Air conditioners have been working overtime this week to keep homes cool during the Tri-State Area’s latest blistering heat wave, but all that power is putting major stress on the grid.
A heat advisory is in effect until 8 p.m. Wednesday for New York City and until 8 p.m. Tuesday for Westchester and Rockland counties and parts of Connecticut. An excessive heat warning is in effect for parts of New Jersey.
Some residents call the poles an eyesore and are concerned they could pose a health risk and decrease property values.
Residents in one New Jersey neighborhood have told a power company “not in my neighborhood.” The outcry began when PSE&G began replacing 35-foot utility poles with poles that are twice as tall.
Round two of wet weather settled over parts of the Tri-State Area on Thursday evening, pushing monthly rainfall totals within reach of the history books.
Police say a man posing as a utility worker is wanted for 18 burglaries in the Bronx, Brooklyn, Queens and Staten Island.
Public Service Electric & Gas said residential customers will pay $1 less a month in 2018 than they do now if natural gas prices remain at current levels.
PSE&G wants to spend $3.9 billion to strengthen distribution lines, protect utility stations from storm surges and make the grid easier to repair.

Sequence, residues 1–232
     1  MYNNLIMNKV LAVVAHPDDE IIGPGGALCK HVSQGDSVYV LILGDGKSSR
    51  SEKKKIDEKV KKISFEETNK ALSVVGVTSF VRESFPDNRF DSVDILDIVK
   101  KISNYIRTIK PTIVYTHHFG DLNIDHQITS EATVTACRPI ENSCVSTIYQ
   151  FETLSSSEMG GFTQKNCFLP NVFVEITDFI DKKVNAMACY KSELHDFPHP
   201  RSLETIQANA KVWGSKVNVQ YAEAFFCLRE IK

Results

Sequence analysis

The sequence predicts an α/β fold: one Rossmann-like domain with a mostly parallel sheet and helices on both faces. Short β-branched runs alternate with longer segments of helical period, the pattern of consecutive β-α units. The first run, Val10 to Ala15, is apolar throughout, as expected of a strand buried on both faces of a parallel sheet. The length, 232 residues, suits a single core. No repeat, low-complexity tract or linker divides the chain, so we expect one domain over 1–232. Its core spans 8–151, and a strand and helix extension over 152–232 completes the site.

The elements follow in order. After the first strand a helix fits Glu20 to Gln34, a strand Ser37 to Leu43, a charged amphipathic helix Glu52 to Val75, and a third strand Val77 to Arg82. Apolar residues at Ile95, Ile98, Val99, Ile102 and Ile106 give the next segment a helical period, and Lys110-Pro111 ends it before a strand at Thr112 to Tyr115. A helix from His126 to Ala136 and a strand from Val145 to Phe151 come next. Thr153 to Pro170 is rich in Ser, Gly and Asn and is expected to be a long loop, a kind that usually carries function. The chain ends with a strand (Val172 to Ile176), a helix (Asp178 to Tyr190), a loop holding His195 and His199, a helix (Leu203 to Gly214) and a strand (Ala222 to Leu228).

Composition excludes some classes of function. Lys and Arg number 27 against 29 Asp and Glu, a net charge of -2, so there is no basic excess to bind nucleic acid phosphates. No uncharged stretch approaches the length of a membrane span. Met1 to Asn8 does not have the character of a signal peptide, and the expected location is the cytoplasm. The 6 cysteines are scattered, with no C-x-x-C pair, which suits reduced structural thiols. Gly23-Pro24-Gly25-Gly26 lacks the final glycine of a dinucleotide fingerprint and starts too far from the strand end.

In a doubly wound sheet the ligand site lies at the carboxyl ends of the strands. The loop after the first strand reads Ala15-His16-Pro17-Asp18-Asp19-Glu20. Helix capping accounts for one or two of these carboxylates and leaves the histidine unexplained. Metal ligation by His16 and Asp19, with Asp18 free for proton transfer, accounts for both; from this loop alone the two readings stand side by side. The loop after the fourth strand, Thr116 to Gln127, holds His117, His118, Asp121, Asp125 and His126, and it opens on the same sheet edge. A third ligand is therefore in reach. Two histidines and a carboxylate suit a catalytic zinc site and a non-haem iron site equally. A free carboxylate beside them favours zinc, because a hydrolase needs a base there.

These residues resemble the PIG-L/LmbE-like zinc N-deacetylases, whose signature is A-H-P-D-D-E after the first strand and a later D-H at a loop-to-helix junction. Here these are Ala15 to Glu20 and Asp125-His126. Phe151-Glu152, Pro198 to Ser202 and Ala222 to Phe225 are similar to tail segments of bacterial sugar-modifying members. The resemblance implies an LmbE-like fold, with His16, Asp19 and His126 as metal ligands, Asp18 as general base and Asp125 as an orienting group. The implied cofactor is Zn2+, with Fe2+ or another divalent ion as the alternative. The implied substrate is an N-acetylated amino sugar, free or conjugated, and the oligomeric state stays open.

Connecticut’s two largest power companies had anticipated about 30 percent of their customers losing power, or roughly 400,000 homes and businesses.
The northeastern part of the state was expected to get a foot or more of snow as the storm intensified overnight.
Heavy snow and strong winds could knock down trees and power lines.
NFL Commissioner Roger Goodell was sitting with New Jersey Gov. Chris Christie at the game Sunday, and they talked about avoiding a repeat of the blackout at next year’s game at the Meadowlands.
Power customers across the Tri-State Area were thoroughly displeased after getting huge bills for estimated usage this month despite losing power, and then being asked to read their own meters to correct the situation.
For at least one New Jersey town, power was restored quickly and orderly after superstorm Sandy, and there is a very good reason.
Residents of Hoboken expressed their frustration Monday night at a town hall meeting with representatives of the Federal Emergency Management Agency.